How old is the light microscope? It may be older than you think. For centuries, philosophers and researchers have tried to find a way to discover the hidden world that surrounds us each day. It surrounds us, but we can’t see it because it’s too small to view from the naked eye. This changed once the lens was discovered. Once this happened (the Nimrud lens dates back three thousand years to ancient Assyria) man has tried to magnify the world around him.
The first real attempt at a microscope happened in 1590. This was nearly a hundred years before the pilgrims and right around the time Shakespeare was writing his best work. Two Dutch spectacle makers, Zaccharias and Hans Jannsen used a lens and tube to magnify objects nearby. Galileo expanded on this design and came up with his compound microscope in 1625. He called it his little eye but Giovanni Faber, the famous doctor and botanist, called it a microscope and the name has stuck ever since.
Throughout the years, researchers like Anton van Leeuwenhoek and Robert Hooke used microscopes to make discoveries about the existence of tiny organisms. In doing so, they improved on the design and performance of the microscope. The first microscopes used light rays to enlarge real objects. In the late 1800s, August Kohler used sample illumination to further enhance the capabilities of the light microscope.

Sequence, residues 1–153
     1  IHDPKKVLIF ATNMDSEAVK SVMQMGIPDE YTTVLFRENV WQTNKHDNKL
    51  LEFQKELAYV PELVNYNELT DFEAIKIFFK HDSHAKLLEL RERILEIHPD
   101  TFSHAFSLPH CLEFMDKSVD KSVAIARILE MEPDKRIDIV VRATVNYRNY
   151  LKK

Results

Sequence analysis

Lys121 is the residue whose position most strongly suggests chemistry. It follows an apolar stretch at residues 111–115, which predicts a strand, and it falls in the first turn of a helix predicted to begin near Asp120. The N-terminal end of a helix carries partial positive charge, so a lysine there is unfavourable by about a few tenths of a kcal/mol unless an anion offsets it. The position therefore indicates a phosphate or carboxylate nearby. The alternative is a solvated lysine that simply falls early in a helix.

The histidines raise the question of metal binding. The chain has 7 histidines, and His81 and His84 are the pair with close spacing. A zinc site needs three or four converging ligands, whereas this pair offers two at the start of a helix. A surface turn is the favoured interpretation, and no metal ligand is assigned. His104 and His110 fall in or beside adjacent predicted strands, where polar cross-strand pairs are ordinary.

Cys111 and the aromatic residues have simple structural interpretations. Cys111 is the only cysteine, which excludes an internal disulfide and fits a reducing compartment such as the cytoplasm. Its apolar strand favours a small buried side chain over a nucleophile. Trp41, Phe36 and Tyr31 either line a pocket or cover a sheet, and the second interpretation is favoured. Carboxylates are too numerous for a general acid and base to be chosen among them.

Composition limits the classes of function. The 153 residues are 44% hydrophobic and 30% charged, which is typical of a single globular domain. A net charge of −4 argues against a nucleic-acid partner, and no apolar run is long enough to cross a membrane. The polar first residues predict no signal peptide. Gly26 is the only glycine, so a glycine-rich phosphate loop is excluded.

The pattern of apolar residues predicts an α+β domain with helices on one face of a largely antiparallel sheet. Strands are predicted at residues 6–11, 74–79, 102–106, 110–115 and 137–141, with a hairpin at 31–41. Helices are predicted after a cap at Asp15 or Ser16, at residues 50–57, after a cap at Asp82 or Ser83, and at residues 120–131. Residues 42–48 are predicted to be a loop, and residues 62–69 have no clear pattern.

However, light microscopes were restrictive because you couldn’t see things smaller than the wavelength of light. If you wanted to see smaller objects, you would have to find another source. This would come in the 1930s with the electron microscope and would continue with the scanning probe microscope in the 1980s. Still, the light microscope is a widely utilized microscope because it enables researchers to see living organisms. Recent developments like fluorescent microscopy have made sure that light microscopes have as rich of a future as they do a past.